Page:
Internet and media rivals to Google , fearing an unprecedented consolidation of power in the online advertising market, are expected to urge regulators to closely scrutinize the Web search leader's $3.1 billion deal to buy DoubleClick.
Google on Friday beat out Microsoft and Yahoo to buy Web ad supplier DoubleClick, securing a leadership position as the Internet's top advertising business.
Microsoft, the world's largest software maker, said the deal would allow Google to corner the online advertising market and provide them access to a huge amount of information on consumer behavior on the Internet.
"This proposed acquisition raises serious competition and privacy concerns," said Brad Smith, Microsoft senior vice president and general counsel in an e-mail statement.
"We think this merger deserves close scrutiny from regulatory authorities to ensure a competitive online advertising market."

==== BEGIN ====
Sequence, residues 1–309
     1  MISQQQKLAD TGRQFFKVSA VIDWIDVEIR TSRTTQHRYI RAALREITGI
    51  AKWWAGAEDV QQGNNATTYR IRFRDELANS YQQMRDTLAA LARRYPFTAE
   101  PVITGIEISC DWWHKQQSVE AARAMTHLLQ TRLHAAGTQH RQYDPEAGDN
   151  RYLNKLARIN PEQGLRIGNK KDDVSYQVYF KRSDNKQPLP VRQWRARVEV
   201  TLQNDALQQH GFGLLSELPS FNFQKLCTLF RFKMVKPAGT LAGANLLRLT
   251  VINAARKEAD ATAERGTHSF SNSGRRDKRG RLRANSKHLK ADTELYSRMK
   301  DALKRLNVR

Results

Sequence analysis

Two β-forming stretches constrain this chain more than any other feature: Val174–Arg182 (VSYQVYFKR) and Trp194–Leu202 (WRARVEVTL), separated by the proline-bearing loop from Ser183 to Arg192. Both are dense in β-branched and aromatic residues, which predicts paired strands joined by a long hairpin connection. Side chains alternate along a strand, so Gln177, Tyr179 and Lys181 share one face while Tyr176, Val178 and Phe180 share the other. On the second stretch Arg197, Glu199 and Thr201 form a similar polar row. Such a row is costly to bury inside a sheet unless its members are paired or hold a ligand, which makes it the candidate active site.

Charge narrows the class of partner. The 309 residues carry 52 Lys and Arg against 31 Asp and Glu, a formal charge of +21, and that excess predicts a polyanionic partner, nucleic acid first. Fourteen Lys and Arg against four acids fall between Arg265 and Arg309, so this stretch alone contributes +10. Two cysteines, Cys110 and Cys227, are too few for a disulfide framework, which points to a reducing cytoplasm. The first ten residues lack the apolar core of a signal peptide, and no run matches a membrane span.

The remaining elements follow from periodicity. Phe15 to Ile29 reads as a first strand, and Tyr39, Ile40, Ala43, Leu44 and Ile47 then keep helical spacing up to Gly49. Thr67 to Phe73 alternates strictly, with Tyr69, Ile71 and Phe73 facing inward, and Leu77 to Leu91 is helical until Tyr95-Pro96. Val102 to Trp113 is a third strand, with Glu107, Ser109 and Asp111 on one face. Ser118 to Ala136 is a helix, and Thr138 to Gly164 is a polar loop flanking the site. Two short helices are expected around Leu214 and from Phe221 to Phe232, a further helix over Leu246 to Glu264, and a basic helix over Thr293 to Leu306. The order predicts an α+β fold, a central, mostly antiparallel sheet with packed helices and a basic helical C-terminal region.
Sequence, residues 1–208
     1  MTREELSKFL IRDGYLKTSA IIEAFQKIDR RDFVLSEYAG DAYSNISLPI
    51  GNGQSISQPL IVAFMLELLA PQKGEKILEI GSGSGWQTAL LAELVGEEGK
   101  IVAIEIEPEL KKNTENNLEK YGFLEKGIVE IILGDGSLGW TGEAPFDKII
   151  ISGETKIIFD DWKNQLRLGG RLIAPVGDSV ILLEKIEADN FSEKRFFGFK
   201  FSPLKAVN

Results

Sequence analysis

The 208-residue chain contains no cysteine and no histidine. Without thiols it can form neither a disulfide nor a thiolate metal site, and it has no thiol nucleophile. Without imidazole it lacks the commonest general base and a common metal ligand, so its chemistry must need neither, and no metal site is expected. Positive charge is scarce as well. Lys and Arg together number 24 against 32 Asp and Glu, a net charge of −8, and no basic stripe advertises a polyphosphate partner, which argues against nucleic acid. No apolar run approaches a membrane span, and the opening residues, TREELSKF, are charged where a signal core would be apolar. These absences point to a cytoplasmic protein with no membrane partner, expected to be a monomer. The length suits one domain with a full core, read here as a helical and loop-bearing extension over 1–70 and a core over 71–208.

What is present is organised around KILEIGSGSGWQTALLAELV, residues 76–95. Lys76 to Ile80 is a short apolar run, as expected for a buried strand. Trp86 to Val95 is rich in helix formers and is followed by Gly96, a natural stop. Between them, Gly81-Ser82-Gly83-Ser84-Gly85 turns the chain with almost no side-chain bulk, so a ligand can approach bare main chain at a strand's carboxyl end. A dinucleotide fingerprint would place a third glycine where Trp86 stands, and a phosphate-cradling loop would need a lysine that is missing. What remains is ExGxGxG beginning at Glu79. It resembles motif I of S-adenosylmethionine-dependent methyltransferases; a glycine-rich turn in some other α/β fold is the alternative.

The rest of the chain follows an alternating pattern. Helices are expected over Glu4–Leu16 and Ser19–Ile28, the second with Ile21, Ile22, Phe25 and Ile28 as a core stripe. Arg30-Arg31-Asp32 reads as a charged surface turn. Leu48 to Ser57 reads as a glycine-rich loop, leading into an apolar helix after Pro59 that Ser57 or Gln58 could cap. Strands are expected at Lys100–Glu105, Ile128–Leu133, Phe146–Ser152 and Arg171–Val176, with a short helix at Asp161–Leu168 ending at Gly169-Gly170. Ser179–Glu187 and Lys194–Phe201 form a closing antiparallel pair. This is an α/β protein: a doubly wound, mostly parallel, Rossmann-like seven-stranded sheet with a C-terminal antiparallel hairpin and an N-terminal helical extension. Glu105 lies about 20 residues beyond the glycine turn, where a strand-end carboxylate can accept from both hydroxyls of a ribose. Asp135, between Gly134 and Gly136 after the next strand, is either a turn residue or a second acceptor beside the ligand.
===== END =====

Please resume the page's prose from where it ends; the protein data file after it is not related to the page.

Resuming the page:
AT&T senior executive vice president of external and legislative affairs Jim Cicconi said on Sunday that Google would be in a position to pick winners and losers in the industry.
"If Google becomes the dominant force in terms of Web advertising and becomes the broker, that would be clear evidence of market power and dominant position." Cicconi said.
Industry analysts said the deal would let Google focus more attention on extending its advertising forces offline -- into the print, television and radio advertising arena.
Google said on Sunday it landed a deal to sell a portion of the advertising inventory for top U.S. radio conglomerate Clear Channel Communications' radio division.
Earlier, it landed a similar deal to sell TV ads for No. 2 U.S. satellite television provider EchoStar Communications .
Shortly after announcing the deal on Friday, Google Chief Executive Eric Schmidt said in a news conference he expected the deal to be approved by regulators.
"This is a very, very competitive market in terms of the number of choices," Schmidt said to reporters and analysts on Friday in a conference call.
Time Warner is also seen urging regulators to scrutinize the deal, according to a report on the Wall Street Journal Web site. Time Warner was not immediately reachable.